The actions of lending institutions also impact on transactions. Whatever commercial pressures they claim to face, there is surely no excuse if a lender completely fails to deliver a discharge following repayment of a loan. Yet a correspondent on the letters page has twice experienced just that, leaving both him and his fellow agent in breach of various obligations. He believes a remedy may lie in an addition to the standard clauses. Good luck to him in pursuing that, but it should not be necessary.

Much more serious issues threaten the criminal justice system in England & Wales, and have been illustrated, starkly but without exaggeration, in the book known only by the author’s mask of The Secret Barrister. “The impact of devastating cuts is on display daily,” it states, and our reviewer this month (see the online version for a fuller picture) has certainly sat up and taken notice. “The heat engendered as it excoriates the current state of the English justice system is awesome,” he writes. “While our Scottish system is different, many of the outrages set out in this book will be happening on our doorsteps too.”

The book has been distributed to MPs and we can only hope that enough of them start to take notice. Given the apparent, and recently illustrated, influence of Government whips when it comes to a vote, that may not be enough.

At least we have not yet reached the situation in Poland, where the Chief Justice is, as I write, resisting attempts by the President to force her retirement under new powers condemned by the EU as a threat to the legal order. But the threats in this country, though more insidious, are just as real. All lawyers should be proactive against them, including by ensuring our own house is in order.

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Blog archive

12 Aug 19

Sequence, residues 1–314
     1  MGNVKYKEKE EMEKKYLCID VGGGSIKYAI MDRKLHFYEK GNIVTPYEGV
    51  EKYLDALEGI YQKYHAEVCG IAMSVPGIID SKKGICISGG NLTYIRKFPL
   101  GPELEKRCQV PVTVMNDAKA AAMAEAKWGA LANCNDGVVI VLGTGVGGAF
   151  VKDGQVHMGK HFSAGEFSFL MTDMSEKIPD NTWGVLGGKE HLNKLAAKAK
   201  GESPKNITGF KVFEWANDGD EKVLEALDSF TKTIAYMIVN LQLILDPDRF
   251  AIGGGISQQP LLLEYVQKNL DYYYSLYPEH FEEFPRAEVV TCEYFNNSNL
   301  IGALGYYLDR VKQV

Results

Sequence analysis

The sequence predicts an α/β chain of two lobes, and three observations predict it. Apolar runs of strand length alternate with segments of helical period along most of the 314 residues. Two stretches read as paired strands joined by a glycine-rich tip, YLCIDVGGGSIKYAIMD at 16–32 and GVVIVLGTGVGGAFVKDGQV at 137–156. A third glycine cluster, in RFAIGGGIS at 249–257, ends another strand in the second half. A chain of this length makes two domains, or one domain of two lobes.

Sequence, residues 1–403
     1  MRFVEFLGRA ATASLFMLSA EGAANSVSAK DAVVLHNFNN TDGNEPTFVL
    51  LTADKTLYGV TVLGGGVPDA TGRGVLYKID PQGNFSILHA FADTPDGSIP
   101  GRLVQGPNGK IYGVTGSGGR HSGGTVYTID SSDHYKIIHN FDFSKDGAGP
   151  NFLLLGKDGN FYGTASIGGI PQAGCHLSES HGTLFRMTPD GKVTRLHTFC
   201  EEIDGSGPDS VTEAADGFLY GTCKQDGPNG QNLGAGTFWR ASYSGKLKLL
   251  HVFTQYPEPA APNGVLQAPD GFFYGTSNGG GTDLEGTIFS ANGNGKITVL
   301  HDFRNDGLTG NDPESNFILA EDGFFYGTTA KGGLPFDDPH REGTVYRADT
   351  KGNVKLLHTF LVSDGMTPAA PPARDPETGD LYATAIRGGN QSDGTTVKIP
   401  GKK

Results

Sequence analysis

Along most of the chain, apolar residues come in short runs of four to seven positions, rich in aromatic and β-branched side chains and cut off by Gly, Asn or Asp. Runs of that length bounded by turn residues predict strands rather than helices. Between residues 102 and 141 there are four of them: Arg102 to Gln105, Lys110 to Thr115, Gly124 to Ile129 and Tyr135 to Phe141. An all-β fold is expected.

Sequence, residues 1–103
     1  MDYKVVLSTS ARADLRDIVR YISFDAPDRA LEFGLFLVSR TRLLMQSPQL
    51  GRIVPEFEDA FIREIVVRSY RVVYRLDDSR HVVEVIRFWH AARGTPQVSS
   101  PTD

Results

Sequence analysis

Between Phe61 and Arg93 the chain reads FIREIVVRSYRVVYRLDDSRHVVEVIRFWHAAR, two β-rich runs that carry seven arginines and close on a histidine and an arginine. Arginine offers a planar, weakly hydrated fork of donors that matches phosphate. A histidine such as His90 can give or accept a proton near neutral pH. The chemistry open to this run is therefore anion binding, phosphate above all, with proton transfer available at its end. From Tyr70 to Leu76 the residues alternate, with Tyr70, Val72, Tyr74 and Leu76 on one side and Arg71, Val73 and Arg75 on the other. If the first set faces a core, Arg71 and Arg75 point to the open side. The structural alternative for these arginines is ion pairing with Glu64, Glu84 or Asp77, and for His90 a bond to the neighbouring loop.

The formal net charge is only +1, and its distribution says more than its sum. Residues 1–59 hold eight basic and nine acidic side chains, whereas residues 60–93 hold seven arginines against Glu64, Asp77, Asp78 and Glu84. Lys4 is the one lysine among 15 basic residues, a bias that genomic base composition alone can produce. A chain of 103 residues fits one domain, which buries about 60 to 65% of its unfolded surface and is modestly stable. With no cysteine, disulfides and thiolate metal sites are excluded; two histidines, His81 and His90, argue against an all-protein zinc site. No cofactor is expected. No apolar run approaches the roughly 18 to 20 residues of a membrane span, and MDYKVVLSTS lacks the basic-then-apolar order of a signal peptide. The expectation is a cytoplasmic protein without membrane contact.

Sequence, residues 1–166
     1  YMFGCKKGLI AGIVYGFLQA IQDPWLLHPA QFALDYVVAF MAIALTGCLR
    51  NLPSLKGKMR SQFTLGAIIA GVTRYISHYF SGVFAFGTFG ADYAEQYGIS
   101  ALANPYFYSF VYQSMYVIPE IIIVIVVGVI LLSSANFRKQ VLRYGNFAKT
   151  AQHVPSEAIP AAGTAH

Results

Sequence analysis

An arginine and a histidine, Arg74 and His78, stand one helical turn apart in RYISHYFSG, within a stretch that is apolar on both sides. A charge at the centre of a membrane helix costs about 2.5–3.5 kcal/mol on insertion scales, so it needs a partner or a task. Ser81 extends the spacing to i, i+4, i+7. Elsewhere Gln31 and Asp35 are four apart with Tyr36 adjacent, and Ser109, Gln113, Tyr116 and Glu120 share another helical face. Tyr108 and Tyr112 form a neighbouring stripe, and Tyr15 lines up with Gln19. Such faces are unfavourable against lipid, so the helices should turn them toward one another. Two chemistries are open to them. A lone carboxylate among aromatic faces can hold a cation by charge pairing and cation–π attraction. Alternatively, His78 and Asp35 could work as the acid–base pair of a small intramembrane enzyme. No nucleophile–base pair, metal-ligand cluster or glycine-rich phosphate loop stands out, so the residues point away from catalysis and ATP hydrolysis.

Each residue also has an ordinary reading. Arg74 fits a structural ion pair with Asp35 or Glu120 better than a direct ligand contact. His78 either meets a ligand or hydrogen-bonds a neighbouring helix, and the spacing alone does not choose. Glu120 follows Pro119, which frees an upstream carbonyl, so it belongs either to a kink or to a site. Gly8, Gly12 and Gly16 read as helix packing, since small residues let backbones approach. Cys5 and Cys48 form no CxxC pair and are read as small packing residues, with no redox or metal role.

Constitutional meltdown?

The fundamentals of our constitution should not be put at risk simply in order to achieve Brexit by the scheduled date

8 Jul 19

70, and counting

The Society is in good shape as it turns 70, though uncertainty lies ahead

12 Jun 19

Uncovering the unacceptable

Our self-styled ethical profession has a problem of bullying and harassment. Can it be treated as a question of fitness to practise?

15 May 19

Make wellbeing a thing

Staff wellbeing in legal firms has to become a matter of culture, with supporting mechanisms in place

8 Apr 19

Law for people

The dignity of the law has come before the dignity of those caught up in its processes. What might happen if that were reversed?

12 Mar 19

Shape your future

Despite the uncertainty, it would benefit legal firms to think proactively about how to react to Brexit

11 Feb 19

Flexible is possible

As this month's lead feature illustrates, large and small firms alike can operate flexible working practices, and there appear to be few issues with clients when they do

14 Jan 19

Seeking the positive

A bit of flexibility and imagination can achieve things this year, whether for a business in the face of Brexit or for employees to improve their work-life balance, and wellbeing

3 Dec 18

A turbulent Christmas

Depressing divisions and a lack of clear thinking dominate the Brexit scene. But (stop press) there is something positive in the official reaction to the legal aid review

7 Nov 18

Put to the test

The Society's position as regulator will come under renewed scrutiny following the Roberton report, but the report itself should equally be subjected to proper scrutiny